After a few difficult months, Spirit announced a new agreement with Boeing, its main customer, which comes as a relief to all stakeholders.
In September, we saw that Spirit AeroSystems started talks with both Airbus and Boeing, looking to make a few changes. The company is a major aerostructures manufacturer and a Tier 1 supplier to both Airbus and Boeing. Every nose section of every Boeing model comes from the supplier’s facility in Wichita, Kansas. For the 737 in particular, Spirit makes its entire fuselage.
But things haven’t been going smoothly at Spirit recently. Twice this year the production of 737 fuselages had to stop, with problems emerging in the rear of the plane. One issue had to do with attachment fittings of several 737 variants. Later in the year, a separate issue emerged, involving the rear pressure bulkhead.
These issues, plus Airbus supply chain problems and the protracted negotiation of a new pricey labor agreement, have stressed Spirit’s financial position. Spirit’s finances were already suffering before the pandemic, thanks to Boeing’s issues with the 737 MAX.
Boeing and Spirit Update Their Contracts
It isn’t clear if the Wichita company is any closer to a better financial agreement with Airbus, as well. But Spirit announced that it agreed with Boeing on revised pricing for the 737 and 787 programs. Boeing will also pay $100 million to its supplier before the end of October. This payment relates to new tooling, that will allow Spirit to increase 737 and 787 production rates.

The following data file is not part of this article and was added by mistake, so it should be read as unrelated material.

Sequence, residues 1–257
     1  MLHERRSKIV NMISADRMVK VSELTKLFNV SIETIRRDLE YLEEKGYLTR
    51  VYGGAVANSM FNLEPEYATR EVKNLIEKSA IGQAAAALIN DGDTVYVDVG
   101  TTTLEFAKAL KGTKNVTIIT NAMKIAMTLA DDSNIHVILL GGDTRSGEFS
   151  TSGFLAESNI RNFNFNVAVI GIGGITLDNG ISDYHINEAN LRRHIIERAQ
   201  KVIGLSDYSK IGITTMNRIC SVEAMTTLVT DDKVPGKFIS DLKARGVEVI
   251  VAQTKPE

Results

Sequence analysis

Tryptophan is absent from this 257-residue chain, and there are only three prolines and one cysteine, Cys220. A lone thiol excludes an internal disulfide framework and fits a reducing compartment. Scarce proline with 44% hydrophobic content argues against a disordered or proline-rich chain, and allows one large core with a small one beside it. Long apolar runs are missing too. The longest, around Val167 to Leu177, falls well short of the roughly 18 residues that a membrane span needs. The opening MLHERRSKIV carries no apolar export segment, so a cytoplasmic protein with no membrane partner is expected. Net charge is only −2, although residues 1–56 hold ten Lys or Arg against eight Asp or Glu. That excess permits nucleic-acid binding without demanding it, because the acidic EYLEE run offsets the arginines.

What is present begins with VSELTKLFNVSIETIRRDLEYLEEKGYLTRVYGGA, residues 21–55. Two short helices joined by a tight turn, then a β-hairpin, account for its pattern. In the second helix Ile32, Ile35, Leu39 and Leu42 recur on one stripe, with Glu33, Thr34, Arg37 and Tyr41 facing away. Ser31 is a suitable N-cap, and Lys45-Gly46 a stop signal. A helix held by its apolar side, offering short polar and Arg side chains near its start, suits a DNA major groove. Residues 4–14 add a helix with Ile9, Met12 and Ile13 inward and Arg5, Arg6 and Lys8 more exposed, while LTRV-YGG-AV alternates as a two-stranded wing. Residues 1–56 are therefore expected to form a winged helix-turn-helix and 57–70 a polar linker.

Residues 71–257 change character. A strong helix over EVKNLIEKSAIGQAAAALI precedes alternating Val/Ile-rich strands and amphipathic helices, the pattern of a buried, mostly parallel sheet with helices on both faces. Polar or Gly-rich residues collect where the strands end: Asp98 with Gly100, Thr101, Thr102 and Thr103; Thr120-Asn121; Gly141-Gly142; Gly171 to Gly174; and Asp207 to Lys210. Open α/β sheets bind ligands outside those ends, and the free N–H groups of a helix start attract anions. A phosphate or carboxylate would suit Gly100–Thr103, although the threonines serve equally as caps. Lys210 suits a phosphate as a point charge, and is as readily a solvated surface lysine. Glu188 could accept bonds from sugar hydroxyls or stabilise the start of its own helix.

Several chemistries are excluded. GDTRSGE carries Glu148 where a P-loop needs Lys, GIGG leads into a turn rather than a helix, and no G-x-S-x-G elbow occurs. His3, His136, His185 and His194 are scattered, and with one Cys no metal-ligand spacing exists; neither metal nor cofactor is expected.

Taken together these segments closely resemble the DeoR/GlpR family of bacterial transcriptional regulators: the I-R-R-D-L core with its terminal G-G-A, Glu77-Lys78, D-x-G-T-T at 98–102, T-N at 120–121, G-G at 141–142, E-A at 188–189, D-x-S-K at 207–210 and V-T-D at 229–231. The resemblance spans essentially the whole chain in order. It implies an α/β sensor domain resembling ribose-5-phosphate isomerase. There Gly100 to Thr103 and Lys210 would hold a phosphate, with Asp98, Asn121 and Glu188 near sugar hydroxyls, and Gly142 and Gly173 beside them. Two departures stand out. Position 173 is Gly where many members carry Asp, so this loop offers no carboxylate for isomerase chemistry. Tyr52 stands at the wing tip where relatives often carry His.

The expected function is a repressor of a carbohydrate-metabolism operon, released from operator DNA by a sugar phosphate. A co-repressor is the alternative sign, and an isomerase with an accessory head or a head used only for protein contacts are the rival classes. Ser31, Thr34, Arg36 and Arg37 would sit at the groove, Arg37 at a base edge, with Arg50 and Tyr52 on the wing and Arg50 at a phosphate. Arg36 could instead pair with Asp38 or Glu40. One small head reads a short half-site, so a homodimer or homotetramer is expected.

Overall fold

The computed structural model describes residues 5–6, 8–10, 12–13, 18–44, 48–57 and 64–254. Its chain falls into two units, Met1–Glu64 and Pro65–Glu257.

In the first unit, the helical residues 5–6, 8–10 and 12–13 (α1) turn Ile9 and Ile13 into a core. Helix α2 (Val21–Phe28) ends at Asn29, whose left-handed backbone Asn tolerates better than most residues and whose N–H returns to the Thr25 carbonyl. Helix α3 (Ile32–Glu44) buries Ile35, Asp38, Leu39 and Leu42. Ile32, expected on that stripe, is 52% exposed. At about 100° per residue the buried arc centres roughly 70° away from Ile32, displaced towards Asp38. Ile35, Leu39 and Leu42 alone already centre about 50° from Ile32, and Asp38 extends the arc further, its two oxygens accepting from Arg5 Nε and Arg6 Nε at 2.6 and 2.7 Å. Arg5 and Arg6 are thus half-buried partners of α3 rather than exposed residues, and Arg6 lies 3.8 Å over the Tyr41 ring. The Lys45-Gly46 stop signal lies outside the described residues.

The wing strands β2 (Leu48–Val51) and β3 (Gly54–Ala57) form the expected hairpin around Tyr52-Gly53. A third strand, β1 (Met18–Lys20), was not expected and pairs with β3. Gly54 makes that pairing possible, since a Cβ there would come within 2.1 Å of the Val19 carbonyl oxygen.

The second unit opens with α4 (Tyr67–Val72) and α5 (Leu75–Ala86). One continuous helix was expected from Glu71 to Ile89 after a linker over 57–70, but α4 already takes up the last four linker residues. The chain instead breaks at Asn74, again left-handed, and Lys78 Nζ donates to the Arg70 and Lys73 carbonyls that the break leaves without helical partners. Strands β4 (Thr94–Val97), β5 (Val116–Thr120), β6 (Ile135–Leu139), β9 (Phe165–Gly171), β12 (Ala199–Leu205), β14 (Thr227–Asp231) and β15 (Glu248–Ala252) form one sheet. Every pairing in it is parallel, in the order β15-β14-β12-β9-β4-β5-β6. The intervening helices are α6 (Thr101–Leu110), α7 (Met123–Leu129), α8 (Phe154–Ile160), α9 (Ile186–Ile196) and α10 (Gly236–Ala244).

As many analysts have pointed out, Spirit and Boeing are joined at the hip, as neither company can replace the other. The Wichita site was actually Boeing Wichita before the aircraft manufacturer spun it off. Theories of Boeing re-absorbing its supplier have emerged – but don’t seem to be financially realistic.
However, closer integration and redistribution of financial burden could well be on the cards – and may well be overdue, as some suggest that Boeing has been reluctant to share its successes with Spirit and other key suppliers.
Interestingly, the new agreement includes a “control clause”, which means that Boeing would have some say if the Wichita company was to be acquired by someone. This is quite unusual, but perhaps not entirely surprising. Nearly half of Spirit’s turnover relates to the 737 program alone.
Predictably, this latest news has increased Spirit’s share price, by 23%. Its effect on Boeing’s share price was neutral.
For a detailed breakdown of the problems that Spirit faced recently with the 737 MAX, check out the MentourNow video below: